Summary (Magill's Survey of World Literature, Revised Edition)
Willmore, the Rover, arrives in Naples where he meets his fellow exiles Blunt, Frederick, and Belvile. They begin rather aimless adventures in quest of pleasure. Although Willmore is an example of the appealing, energetic Restoration hero of wit, it is the women characters who, indirectly, control the action. Hellena, destined by her father for a convent, wishes another kind of life and is willing to venture into the carnival setting to seek it. Once she has seen Willmore, she decides to make him her husband, even if she must pursue him in disguise. In order to thwart his affair with Angellica, an aged former mistress of a Spanish general, she disguises herself as a page. Her sister Florinda has been promised, against her will, to Antonio. Florinda has been in love with Belvile since he saved her life and that of her brother Don Pedro during a battle. Despite numerous mishaps and mistakes that endanger her, she manages to win Belvile in the end. Both women achieve marriages that will assure financial independence and compatibility and will not require excessive emotional commitment.
Not all pleasure seeking, however, achieves its ends. Behn implies that the persons must possess some attractive qualities and panache. Blunt, crudely direct in his hedonism, finds himself deceived and robbed by a courtesan. He represents the naïve country squire of Restoration comedy, who becomes the butt of farcical humor. On the other hand, Willmore’s...
(The entire section is 342 words.)
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The prologue in rhyming couplets portends a play that is not just ‘‘good conversation’’, as conventional plays present, but is full of "wit" and "deboches" [debauches], as is life.
The scene untraditionally opens on two women. Sisters Hellena and Florinda are discussing love, which the younger sister Hellena wants to experience before her brother sends her to a nunnery, and Florinda coyly tells about her beau, an English colonel. They are interrupted by their brother, Don Pedro, who announces that, to prevent Florinda from having to marry her father's choice for her, an old man, she must marry Don Pedro's friend, Don Antonio, the next day. The girls decide to go to the carnival that night in masks and costumed as gypsy whores to exploit their independence before it is stifled by their prearranged futures, and Florinda hopes to encounter Belvile to tell him that she loves him. Their cousin, Valeria, and their governess, Callis, accompany them. Very soon they meet four English gentlemen who are also heading to the carnival.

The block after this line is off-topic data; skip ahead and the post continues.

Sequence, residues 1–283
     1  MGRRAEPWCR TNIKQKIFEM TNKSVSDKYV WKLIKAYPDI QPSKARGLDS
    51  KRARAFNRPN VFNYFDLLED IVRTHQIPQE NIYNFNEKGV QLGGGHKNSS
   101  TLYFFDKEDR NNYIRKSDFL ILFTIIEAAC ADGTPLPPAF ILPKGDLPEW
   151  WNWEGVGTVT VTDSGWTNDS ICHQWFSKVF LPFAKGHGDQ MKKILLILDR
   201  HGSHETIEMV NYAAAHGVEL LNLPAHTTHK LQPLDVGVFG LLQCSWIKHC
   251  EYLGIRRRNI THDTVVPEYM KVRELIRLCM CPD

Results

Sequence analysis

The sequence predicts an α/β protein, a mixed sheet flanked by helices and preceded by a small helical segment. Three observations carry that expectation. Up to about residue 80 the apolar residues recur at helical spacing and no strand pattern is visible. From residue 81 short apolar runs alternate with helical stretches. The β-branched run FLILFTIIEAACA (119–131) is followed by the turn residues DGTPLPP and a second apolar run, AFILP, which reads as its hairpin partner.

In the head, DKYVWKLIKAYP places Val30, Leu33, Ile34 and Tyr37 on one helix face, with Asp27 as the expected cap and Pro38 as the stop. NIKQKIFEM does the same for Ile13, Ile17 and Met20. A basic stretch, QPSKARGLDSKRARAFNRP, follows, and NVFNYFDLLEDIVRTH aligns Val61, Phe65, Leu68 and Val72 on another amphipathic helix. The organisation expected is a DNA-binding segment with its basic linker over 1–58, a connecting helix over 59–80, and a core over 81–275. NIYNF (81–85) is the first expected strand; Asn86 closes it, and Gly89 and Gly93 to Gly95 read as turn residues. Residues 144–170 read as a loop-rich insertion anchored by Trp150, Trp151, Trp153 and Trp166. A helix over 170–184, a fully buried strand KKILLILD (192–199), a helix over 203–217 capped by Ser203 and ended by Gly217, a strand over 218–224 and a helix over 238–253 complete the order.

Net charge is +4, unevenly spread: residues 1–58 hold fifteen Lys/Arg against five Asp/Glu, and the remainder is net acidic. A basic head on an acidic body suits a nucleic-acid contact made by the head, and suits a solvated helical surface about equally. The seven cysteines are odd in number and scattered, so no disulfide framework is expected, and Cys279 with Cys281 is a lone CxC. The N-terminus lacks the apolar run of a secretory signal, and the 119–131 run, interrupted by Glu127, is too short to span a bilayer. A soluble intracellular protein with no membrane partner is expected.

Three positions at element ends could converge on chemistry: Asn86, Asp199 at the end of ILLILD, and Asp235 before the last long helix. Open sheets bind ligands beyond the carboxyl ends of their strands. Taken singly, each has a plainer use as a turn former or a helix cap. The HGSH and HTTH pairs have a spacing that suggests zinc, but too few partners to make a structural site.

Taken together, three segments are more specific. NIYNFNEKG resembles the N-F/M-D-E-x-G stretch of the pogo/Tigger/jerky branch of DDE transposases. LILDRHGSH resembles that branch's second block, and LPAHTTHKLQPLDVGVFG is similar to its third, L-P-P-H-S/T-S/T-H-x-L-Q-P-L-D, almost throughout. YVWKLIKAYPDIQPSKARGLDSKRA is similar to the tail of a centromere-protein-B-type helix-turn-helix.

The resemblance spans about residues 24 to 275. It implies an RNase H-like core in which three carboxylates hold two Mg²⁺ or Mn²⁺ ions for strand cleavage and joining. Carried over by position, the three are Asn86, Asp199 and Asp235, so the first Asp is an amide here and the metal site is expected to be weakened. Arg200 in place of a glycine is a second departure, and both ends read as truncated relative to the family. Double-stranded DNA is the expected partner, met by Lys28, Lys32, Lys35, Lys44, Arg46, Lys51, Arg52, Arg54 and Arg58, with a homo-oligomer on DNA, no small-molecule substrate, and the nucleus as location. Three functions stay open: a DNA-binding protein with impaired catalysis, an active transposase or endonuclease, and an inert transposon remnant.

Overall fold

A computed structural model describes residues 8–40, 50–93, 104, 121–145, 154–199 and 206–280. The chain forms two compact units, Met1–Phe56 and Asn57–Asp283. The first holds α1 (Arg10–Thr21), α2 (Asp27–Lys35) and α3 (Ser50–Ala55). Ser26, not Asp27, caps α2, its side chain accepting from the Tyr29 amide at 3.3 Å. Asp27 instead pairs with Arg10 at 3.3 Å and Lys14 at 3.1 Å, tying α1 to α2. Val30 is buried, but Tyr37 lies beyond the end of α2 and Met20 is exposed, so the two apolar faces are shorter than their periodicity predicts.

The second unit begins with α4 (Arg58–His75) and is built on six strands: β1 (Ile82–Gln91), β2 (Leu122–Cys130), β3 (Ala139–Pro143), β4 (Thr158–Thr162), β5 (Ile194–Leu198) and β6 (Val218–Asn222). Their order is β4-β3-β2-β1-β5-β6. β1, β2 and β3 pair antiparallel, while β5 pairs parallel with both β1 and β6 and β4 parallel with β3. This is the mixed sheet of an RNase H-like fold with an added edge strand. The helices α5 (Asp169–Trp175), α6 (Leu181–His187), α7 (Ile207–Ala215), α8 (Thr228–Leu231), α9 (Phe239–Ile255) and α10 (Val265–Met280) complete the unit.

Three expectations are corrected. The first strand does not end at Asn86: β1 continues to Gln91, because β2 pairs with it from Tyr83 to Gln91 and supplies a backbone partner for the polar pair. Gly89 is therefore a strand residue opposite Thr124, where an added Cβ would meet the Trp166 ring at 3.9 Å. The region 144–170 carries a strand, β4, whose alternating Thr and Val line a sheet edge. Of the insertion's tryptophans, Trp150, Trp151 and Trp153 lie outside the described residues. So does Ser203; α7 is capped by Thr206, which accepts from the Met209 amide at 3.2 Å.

Hellena meets and sets a date with an English sailor, Captain Willmore, who shares her goal of enjoying as many fleeting encounters with the opposite sex as he can during his two-day leave. Florinda is also successful, for she meets Colonel Belvile, the man she had fallen in love with when he protected her and her brother during the siege of Pamploma. Behind...
(The entire section is 1457 words.)
Summary and Analysis
Summary and Analysis: Prologue and Act I, scenes i – ii
Author: The anonymous author of the work, presumably a man.
Florinda: A good noblewoman who is supposed to marry a rich, old fool (Don Vincentio) but is in love with a young gallant (Belvile).
Hellena: Florinda's sister, who resists the decree that she should go to a nunnery.
Don Vincentio: The wealthy young man Florinda is supposed to marry.
Don Belvile: A young English colonel who is in love with Florinda but has no money.
Don Pedro: A young man who is friends with Florinda and Hellena's father, who would like to thwart Florinda's intended marriage.
Stephano: Servant to Don Pedro.
Callis: Governess of Florinda and Hellena.
Antonio: Don Pedro's friend, a gallant young man and son of the Viceroy, who would like to marry Florinda.
Frederick: A friend and traveling companion of Belvile and Blunt.
Blunt: An Englishman and gentleman buffoon traveling with Belvile and Blunt.
Angelica: The widow of a Spanish general, now turned whore.
Lucetta: A girl hoping to profit through rich men.
Sancho: Lucetta's seeming pimp.
Aphra Behn's Restoration comedy The Rover begins with a prologue defending the writer. The byline declares that the Prologue has been written by a "person of quality," and the Prologue goes on to say that everyone has different tastes, and that while the theater's "in-group" will probably hate the play, that does not mean that it's a bad play. The Prologue reads as if its writer has received bad reviews and now chastises reviewers and audiences alike for not judging a play based on its own merits. It concludes by declaring that playwrights labor over every line of their work in order to create truly realistic dialogue and situations, so a successful play is one in which the characters' reactions and the plot are familiar to all. The writer further tells the audience that they are present not because they seek refined works of high quality, but because they prefer plays stuffed with jokes and dissipation, and that that is what the anonymous author of the play—a "he," according to the Prologue—has attempted to provide.